I’m a huge fan of Dan Meyer’s Will It Hit The Hoop lesson. Looks something like this:

Show them this video:

There’s an obvious question here, and all answers are valid. Every kid has an opinion on whether the shot will go in.

Motivating quadratics is a bit more tricky. I’m not sure what questions are most useful for getting a student to say, “hey that looks like a parabola”, but I’m not sure that’s the best use of time — we’re going to give them quadratics anyway. I think we can jump pretty quickly into the modeling.

Dan’s page has a ton of great resources — he has seven different takes, shots from different distances, some that go in, some that don’t. His takes come with a half-video, like above, a full video showing whether the shot goes in, a .png file for the image, and a Geogebra file to model. Geogebra looks like this:

After students model by dragging the sliders around, they get a chance to see the resolution with the full video:

Great stuff.

**What I did:** I put together a Desmos graph for each take. Graphs are here:

Take 1

Take 2

Take 3

Take 4

Take 5

Take 6

Take 7

And look like this:

Graph is interactive; students play with it to predict whether the shot will go in.

**My thoughts:** These were fun to make. I’m not sure how they fit into the lesson — the Geogebra files were pretty great to begin with.

**Advantages with Desmos:**

It’s easier to drag around two points on a quadratic — low floor to introduce students to the topic

Our Chromebooks don’t have the Geogebra app on them yet, and I’m not sure if it will ever happen

Web pages are easier to distribute to students than .ggb files

**Advantages with Geogebra:**

The picture is clearer — I couldn’t get the high-quality image to load in Desmos

Using sliders to adjust the vertex and a-value reinforce deeper quadratic concepts

Students can see the equation

**I’m torn: **I really want to use this lesson early on in quadratics to give them some meaning in context, and help students gain an intuition for what quadratics look like. To me, that suggests Desmos — vertex form is tough, and would require a lot more knowledge for students to be successful. But I can’t help thinking that the Geogebra version is hugely valuable for the parts of a quadratic, and how they relate to each other. That seems like a concrete goal for the lesson — where the Desmos version is more like “go play with quadratics and understand them better”.

I’ve got a few months to decide. Excited for it either way.

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Michael PershanGreat questions in this post. What I’m thinking about is the word “intuition.” I use this word all the time. But what do I mean by it? What do you mean by it? If you have an intuition for quadratics, what does that mean you can do that you otherwise couldn’t?

dkane47Post authorGreat question Michael — I have similar thoughts on number sense, a big set of ideas I have a vague grasp of and reference all the time.

I think that this lesson, and lessons like it, give students another mental representation for what a quadratic is. If their mental representation of a quadratic is that it’s a function/equation that sometimes you have to factor, sometimes you have to complete the square, and sometimes you have to graph, it’s easy to get lost in the sauce of formulas and calculations, and non-routine problems that are simple if you can visualize the curve become complicated because they aren’t “factoring” or “find the vertex”.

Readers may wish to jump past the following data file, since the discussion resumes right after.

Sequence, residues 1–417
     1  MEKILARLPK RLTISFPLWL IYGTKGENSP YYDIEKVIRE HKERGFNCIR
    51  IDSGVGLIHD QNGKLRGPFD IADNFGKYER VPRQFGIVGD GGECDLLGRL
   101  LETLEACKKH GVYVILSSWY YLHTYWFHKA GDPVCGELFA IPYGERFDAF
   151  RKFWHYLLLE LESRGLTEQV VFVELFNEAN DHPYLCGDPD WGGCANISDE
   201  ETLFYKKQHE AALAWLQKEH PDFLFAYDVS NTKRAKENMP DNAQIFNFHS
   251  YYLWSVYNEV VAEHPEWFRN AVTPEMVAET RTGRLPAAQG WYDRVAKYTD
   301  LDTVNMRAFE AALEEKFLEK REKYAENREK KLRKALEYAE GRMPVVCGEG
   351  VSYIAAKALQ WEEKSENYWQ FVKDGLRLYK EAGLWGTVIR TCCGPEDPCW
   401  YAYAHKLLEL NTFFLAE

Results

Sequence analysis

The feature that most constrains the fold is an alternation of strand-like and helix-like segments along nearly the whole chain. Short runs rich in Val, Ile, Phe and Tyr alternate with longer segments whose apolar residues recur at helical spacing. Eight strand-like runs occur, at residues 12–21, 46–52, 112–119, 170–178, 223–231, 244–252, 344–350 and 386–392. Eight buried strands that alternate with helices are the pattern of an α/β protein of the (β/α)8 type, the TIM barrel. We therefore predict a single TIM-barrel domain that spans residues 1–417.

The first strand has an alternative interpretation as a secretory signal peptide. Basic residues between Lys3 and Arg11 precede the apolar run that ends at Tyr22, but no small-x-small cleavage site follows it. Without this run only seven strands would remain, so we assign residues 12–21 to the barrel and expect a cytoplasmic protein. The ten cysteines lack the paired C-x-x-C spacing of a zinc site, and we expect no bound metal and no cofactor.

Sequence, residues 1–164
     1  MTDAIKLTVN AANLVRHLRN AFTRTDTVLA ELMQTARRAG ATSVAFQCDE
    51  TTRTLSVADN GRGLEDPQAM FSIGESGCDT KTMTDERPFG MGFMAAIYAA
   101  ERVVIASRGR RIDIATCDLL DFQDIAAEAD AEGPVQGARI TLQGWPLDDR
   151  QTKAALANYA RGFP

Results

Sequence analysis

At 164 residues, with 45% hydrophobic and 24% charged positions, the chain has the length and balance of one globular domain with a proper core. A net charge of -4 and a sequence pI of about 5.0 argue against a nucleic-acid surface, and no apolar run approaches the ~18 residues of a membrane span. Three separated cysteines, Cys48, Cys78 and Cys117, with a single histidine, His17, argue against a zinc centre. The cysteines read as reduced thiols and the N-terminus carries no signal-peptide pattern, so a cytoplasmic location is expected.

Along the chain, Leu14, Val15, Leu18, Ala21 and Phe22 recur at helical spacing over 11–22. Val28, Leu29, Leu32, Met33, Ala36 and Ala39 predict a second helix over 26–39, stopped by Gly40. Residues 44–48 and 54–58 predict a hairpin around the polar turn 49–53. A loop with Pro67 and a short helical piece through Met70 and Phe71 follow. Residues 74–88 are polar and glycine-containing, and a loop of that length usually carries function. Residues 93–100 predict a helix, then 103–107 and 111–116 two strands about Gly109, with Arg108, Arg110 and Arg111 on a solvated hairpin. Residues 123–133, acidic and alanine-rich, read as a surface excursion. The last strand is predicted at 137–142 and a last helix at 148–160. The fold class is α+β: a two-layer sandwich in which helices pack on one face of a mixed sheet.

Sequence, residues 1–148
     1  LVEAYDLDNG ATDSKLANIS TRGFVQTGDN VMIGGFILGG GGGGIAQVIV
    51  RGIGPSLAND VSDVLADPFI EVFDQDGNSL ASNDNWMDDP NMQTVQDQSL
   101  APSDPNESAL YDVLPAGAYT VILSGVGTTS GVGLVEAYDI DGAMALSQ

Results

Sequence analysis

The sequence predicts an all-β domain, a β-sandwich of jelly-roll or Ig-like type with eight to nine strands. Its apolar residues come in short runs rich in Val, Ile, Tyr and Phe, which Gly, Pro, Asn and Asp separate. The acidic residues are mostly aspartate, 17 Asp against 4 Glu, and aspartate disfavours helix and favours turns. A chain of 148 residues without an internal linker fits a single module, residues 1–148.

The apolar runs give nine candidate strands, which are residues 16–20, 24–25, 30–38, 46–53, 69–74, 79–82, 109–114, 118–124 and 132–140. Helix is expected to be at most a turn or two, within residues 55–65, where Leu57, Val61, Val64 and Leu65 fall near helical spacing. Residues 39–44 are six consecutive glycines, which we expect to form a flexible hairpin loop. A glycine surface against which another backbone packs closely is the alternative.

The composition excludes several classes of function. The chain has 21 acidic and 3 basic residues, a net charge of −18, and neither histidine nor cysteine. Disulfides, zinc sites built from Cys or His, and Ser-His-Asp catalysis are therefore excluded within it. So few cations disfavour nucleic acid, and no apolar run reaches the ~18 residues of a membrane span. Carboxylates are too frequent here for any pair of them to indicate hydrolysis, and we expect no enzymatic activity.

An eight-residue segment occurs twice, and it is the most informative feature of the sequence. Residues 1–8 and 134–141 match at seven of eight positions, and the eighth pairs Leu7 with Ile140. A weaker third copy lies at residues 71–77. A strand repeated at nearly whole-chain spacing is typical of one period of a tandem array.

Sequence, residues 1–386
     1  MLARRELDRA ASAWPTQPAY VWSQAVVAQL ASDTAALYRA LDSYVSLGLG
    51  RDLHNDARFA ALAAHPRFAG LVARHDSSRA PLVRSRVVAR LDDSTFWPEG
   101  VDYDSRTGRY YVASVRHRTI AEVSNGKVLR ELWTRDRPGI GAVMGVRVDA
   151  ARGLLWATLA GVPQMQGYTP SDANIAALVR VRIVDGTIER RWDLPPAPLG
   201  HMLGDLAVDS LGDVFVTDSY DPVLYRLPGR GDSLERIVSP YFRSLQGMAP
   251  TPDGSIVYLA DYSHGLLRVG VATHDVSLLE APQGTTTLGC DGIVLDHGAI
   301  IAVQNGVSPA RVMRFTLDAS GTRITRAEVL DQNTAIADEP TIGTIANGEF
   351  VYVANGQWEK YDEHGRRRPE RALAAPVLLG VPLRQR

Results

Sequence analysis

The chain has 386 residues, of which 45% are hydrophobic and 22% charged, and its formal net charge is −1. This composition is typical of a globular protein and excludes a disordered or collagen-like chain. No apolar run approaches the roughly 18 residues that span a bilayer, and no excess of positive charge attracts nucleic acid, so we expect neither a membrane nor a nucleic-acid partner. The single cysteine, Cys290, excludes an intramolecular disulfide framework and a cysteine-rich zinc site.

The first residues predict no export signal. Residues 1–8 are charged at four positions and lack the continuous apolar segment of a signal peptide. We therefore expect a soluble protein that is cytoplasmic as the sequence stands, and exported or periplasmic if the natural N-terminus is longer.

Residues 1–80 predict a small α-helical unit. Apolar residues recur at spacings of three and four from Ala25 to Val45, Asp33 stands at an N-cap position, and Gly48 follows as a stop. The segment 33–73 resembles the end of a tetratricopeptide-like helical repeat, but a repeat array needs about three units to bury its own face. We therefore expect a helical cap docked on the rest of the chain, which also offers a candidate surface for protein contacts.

That still sounds vague. I want to think more about this.

jnewman85Thanks for putting together those Desmos graphs–they’re pretty great. It’s been nearly a year since I’ve tried, but I think Dan’s .gbb files didn’t work well on the web-version of Geogebra that was installed on our Chromebooks. (Actually I felt that Geogebra on Chromebooks in general was rather sluggish).

You could have the best of both worlds (well, except for the high resolution images) by just using good-old-fashioned sliders in Geogebra to mimic Dan’s Geogebra file. Then they can also see the equation. Something like this:

https://www.desmos.com/calculator/q1bxryhivv

dkane47Post authorI like it! With seven takes to choose from, maybe a better lesson would be to drag the quadratic for the first 3-4 takes to gain some confidence, and then use sliders like your graph for the last few takes to reinforce those concepts. I think that would be a great lesson, but it’s tricky to place it in a unit and get students to analyze what they’re doing and not just play around with buttons.

jnewman85Yeah, a well-written worksheet with some “What do you notice?” and “What do you wonder?” discussion questions would help the students to place the activity in the context of a lesson. If I find some time (ha!) I might do this since it would work well for where my students are, too.

howardat58Initially the students don’t need to know anything formal about quadratics. the curve is just a curve, but a reasonable one. This is what is good about the desmos approach. I would also try a real real-world test. Throw something across the room, at different angles.

The trajectory will come alive, and matching the stills will seem quite sensible.

Beware: One student is bound to ask eventually “Why is it always a quadratic?”.

dkane47Post authorThat’s an interesting approach — the Desmos lesson definitely lowers the floor so that this could be a lesson to introduce quadratics.

James ClevelandI was able to get the high quality photos in: https://www.desmos.com/calculator/o9fzivrlsz

Has Desmos improved itself since September, or was there some other reason?

dkane47Post authorAwesome!

I think it’s an improvement — I asked Eli about it when I first put these together, and he said it was on the Desmos “wish list” and they were hoping to work on it.

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